No interested party shall be compelled to attend a meeting and the absence of said party shall not be detrimental to its case.

The Board shall go on record with its opinion through a reasoned Resolution that will state what commitments have been assumed and whether the investigation shall be suspended or shall continue at the request of the claimant.

The exporters or the authorities of the country where the practice originated shall furnish the necessary information for verifying compliance with the commitments assumed. If these commitments fail to be fulfilled or the pertinent information is not furnished, the Board shall resume the investigation. It shall then immediately set anti-dumping or countervailing duties at levels based on the available information or, in its absence, at levels requested by the firms that have been affected. In issuing its final decision, the Board shall determine whether those duties shall be maintained, modified or eliminated.

Article 15.- The Board shall have a period of four months in which to make its investigation, starting on the date of publication of the Resolution referred to in Article 11 of this Decision.

In special cases, the deadline may be extended up to two additional months, in which case the claimant shall be informed thereof.

Article 16.- In order to issue its decision, the Board must consider the existence of positive evidence regarding:

a) The dumping or subsidy practices that are distorting competition;

b) The threat of injury or actual injury caused by those practices in the terms of Article 2 of this Decision; and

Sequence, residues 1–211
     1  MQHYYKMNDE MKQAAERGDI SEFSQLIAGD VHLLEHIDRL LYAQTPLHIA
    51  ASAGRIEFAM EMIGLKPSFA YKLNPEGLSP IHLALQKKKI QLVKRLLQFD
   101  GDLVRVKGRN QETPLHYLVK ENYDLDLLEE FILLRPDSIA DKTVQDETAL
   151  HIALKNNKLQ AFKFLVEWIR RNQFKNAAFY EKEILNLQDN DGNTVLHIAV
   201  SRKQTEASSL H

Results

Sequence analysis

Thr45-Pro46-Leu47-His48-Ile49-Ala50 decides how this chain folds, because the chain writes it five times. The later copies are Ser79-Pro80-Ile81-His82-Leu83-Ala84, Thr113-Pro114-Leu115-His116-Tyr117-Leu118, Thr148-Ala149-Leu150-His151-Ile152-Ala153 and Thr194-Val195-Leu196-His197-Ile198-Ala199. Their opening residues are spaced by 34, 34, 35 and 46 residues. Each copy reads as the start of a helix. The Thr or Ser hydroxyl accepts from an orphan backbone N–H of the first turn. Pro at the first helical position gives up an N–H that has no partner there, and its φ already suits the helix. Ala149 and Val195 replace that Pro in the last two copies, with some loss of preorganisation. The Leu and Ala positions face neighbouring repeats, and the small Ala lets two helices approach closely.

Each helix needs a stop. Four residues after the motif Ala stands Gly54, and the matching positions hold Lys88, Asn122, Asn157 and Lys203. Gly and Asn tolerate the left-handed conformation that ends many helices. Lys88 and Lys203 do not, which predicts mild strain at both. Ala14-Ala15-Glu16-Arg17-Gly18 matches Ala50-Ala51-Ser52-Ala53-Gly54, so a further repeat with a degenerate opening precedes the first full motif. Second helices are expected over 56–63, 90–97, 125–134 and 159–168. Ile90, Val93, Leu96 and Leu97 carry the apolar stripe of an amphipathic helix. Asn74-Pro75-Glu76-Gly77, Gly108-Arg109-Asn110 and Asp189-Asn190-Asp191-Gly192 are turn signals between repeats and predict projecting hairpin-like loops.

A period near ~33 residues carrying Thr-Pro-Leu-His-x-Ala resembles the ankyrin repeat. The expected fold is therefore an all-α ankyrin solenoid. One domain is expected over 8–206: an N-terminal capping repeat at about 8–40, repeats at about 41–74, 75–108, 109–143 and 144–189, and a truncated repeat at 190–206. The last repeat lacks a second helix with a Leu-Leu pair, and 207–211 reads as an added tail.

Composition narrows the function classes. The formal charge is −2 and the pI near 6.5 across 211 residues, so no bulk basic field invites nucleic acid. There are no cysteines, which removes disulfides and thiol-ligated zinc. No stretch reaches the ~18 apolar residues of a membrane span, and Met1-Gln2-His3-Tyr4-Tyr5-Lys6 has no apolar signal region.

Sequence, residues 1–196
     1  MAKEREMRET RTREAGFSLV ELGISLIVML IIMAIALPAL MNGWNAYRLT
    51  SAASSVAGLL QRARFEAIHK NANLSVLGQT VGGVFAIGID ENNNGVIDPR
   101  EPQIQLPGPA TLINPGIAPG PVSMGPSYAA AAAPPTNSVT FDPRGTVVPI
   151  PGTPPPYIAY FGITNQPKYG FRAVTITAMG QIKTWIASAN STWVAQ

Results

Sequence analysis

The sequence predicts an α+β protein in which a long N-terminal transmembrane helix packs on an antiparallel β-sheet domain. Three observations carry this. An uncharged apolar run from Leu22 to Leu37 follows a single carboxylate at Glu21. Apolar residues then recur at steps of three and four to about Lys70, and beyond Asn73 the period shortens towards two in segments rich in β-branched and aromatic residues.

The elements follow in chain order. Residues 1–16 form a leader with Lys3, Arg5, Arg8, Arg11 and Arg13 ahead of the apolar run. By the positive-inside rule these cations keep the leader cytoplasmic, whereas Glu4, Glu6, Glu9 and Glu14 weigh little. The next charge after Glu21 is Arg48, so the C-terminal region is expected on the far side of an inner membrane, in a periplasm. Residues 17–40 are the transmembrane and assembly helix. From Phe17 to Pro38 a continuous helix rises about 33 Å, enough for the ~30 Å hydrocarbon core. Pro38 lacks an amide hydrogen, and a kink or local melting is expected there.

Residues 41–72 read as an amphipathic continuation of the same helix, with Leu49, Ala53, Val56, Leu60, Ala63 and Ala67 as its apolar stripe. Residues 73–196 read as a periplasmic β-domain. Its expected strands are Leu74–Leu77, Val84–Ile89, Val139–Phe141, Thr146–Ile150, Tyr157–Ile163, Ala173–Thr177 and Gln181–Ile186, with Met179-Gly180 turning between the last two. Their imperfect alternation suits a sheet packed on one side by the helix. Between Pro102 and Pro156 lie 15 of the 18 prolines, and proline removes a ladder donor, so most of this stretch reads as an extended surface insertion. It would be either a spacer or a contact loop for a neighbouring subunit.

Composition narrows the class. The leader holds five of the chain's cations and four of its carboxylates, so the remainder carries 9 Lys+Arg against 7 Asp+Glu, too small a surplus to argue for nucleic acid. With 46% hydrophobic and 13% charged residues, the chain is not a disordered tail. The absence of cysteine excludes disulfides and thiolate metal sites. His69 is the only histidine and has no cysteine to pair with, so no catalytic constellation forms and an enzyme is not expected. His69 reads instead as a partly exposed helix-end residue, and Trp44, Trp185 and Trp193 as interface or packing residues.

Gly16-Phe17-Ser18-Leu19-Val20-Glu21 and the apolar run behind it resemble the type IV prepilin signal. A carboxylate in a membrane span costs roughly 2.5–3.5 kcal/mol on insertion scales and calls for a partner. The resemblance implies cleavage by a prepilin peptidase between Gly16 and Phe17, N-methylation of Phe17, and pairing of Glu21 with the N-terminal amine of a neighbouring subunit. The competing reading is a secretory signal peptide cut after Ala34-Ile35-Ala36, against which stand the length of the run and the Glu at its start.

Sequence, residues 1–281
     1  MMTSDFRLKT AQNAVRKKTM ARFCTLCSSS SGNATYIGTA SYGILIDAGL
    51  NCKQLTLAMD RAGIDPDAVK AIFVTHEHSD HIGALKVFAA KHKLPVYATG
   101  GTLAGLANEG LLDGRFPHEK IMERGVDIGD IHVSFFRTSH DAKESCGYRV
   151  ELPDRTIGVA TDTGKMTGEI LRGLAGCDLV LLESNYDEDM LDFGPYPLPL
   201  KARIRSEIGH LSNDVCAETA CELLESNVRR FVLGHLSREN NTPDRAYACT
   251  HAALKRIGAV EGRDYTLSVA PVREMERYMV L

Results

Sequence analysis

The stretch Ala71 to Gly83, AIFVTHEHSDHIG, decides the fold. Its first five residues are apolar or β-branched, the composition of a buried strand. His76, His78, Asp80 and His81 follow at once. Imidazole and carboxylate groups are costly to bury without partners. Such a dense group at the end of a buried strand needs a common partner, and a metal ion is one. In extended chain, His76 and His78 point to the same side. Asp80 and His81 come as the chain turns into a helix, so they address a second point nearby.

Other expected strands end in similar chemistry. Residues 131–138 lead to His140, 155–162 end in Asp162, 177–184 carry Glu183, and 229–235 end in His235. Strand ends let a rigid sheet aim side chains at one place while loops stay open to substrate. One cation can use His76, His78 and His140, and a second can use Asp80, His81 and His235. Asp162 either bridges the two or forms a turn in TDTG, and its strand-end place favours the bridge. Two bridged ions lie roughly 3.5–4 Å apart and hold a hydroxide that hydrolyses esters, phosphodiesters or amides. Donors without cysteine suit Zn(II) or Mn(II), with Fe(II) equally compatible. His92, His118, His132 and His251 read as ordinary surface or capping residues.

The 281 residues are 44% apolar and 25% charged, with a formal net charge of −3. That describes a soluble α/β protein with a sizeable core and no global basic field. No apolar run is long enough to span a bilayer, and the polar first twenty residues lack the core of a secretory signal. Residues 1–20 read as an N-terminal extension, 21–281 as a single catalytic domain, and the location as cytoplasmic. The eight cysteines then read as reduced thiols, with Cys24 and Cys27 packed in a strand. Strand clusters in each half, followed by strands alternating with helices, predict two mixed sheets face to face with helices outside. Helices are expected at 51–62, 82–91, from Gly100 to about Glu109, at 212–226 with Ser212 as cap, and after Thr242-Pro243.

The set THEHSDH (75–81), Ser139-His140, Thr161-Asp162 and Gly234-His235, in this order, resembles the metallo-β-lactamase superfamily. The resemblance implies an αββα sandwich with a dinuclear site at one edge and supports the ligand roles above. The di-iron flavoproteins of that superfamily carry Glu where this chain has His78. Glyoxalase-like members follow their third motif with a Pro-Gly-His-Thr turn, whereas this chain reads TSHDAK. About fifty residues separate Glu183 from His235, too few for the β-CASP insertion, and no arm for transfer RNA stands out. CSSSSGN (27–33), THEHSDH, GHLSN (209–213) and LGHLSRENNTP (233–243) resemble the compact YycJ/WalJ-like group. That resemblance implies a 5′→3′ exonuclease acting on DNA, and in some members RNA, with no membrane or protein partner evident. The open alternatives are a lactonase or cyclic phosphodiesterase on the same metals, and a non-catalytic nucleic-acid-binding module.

c) A cause-and-effect relationship between the practices and the threat of injury or actual injury.

Article 17.- The determination of the existence of the threat of injury or actual injury and of the cause-and-effect relationship with the practices may be based, among other things, on the examination of:

a) The volume of imports that are the object of those practices, particularly to determine if they have increased significantly, both in absolute terms and in relation to the production and consumption of the Member Country affected, or in relation to the imports of the claimant Member Country;

b) The prices of imports that are the object of those practices, particularly to determine whether they are considerably lower than the prices of similar products without such practices. Furthermore, to determine if the effect of those imports is to make prices drop significantly or to impede the rise in price that would have occurred otherwise; and

c) The effects on the production or exports of the Member Country, as deduced from real or virtual trends in pertinent economic factors like: production, domestic sales, exports, market share, use of installed capacity, employment, stocks and profits.

Article 18.- At the conclusion of the investigation, within twenty working days after the event provided for in Article 15, the Board shall go on record with its opinion through a reasoned Resolution, in accordance with its conclusions and based on the available information.

The Resolution shall indicate what levels of duties shall be established, the imports that are the object of practices to which those duties shall apply, the deadlines for their adoption and their duration. Also, when applicable, the conditions that will determine the duration of those duties.

Article 19.- Once the Board has verified, at the request of the liaison institutions or of the interested parties, the change in or elimination of the causes that gave grounds for the Resolution to which the previous article refers, it shall revoke that Resolution partially or totally by amending or derogating it. The Board shall have three months in which to issue its decision.